Quantum dots are highly fluorescent nanoscale-sized solid particles that are finding increasing applications as imaging probes in the burgeoning field of nanomedicine. Due to their sheer brightness and high photostability, quantum dots have the ability to act as molecular "beacons." When attached to compounds or proteins of interest, quantum dots allow researchers to track movements within biological media or whole organisms, significantly impacting the way medical professionals study, diagnose and treat diseases.
The work of IUPUI researchers will make quantum dot technology more accessible.
According to Naumann and Long, faculty within the Department of Chemistry & Chemical Biology, and article co-authors, quantum dot materials are costly and inconvenient for biomedical laboratories, as synthesis requires high-temperature techniques. The new synthesis developed at IUPUI makes use of room temperature sonochemistry to generate quantum dots that span the full range of colors in the visible spectrum.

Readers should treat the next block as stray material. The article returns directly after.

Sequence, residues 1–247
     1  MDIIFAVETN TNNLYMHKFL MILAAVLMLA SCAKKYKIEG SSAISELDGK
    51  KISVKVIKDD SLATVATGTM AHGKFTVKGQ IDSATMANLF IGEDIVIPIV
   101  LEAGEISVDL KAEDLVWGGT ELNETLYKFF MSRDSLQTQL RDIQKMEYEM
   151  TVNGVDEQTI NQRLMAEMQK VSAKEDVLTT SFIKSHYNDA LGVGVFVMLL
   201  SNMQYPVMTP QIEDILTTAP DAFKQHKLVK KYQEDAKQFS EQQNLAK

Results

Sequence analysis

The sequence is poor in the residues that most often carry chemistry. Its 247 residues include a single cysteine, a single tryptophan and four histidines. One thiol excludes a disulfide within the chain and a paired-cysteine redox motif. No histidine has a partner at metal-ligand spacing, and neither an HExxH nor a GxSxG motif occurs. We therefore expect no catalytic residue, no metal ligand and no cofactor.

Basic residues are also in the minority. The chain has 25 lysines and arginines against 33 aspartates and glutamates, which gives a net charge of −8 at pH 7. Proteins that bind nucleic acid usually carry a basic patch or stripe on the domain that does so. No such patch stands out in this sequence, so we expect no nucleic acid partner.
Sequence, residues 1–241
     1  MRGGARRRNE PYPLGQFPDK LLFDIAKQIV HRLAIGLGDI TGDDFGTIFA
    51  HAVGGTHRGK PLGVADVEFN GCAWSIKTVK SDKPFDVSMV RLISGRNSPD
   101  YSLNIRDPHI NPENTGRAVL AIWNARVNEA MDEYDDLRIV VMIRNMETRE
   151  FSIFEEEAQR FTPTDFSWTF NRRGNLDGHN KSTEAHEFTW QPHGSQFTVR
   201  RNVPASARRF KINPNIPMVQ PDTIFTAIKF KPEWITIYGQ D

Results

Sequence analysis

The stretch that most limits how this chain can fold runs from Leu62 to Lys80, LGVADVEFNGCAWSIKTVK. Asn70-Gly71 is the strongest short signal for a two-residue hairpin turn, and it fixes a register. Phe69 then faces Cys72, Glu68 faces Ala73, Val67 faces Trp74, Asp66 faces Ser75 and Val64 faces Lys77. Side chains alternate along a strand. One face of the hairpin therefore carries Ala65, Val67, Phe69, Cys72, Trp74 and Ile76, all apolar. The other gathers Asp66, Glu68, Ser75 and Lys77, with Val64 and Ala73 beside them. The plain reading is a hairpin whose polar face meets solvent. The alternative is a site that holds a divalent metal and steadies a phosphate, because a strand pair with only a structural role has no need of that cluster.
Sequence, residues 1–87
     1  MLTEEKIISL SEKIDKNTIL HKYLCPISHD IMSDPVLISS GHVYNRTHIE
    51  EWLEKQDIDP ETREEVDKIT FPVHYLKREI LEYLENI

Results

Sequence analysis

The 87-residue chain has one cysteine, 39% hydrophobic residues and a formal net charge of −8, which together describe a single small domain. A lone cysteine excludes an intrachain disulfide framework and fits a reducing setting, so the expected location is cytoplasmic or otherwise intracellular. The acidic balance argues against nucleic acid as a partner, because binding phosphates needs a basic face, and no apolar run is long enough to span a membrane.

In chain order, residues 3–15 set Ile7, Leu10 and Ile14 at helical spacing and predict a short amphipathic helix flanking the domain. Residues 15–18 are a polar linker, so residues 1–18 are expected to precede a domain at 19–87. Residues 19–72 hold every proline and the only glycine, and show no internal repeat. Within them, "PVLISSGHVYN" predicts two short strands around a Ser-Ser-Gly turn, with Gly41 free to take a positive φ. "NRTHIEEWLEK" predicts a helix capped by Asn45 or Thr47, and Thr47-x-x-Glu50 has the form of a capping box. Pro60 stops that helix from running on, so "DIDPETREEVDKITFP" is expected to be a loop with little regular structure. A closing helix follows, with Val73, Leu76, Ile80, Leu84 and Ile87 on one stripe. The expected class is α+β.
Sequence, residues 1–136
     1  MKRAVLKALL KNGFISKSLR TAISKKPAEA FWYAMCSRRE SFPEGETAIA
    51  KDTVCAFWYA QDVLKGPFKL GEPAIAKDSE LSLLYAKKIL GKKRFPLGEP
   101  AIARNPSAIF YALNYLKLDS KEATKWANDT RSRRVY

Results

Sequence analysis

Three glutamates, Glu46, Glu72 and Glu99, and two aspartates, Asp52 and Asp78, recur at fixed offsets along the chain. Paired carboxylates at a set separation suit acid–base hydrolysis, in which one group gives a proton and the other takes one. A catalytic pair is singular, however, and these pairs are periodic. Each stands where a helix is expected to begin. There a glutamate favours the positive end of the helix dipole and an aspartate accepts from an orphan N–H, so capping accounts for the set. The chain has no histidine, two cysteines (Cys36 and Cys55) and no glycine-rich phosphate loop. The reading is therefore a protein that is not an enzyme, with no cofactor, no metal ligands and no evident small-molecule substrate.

"This new, low temperature procedure may also facilitate the large-scale synthesis of quantum dots and allow inclusion of temperature sensitive materials in the synthesis procedure itself," they said.
"This is very exciting research – the kind of research that will lead to improvements in medical diagnosis and to further breakthroughs in fundamental science," said Carl Cowen, dean of the IUPUI School of Science. "This announcement is one of many we have seen and will continue to see from biomaterials researchers of the IUPUI Department of Chemistry & Chemical Biology."
"The quantum dot research is possible because of IUPUI’s investment in the Nanoscale Imaging Center, an interdisciplinary facility that puts advanced technology into the hands of our outstanding faculty and students."
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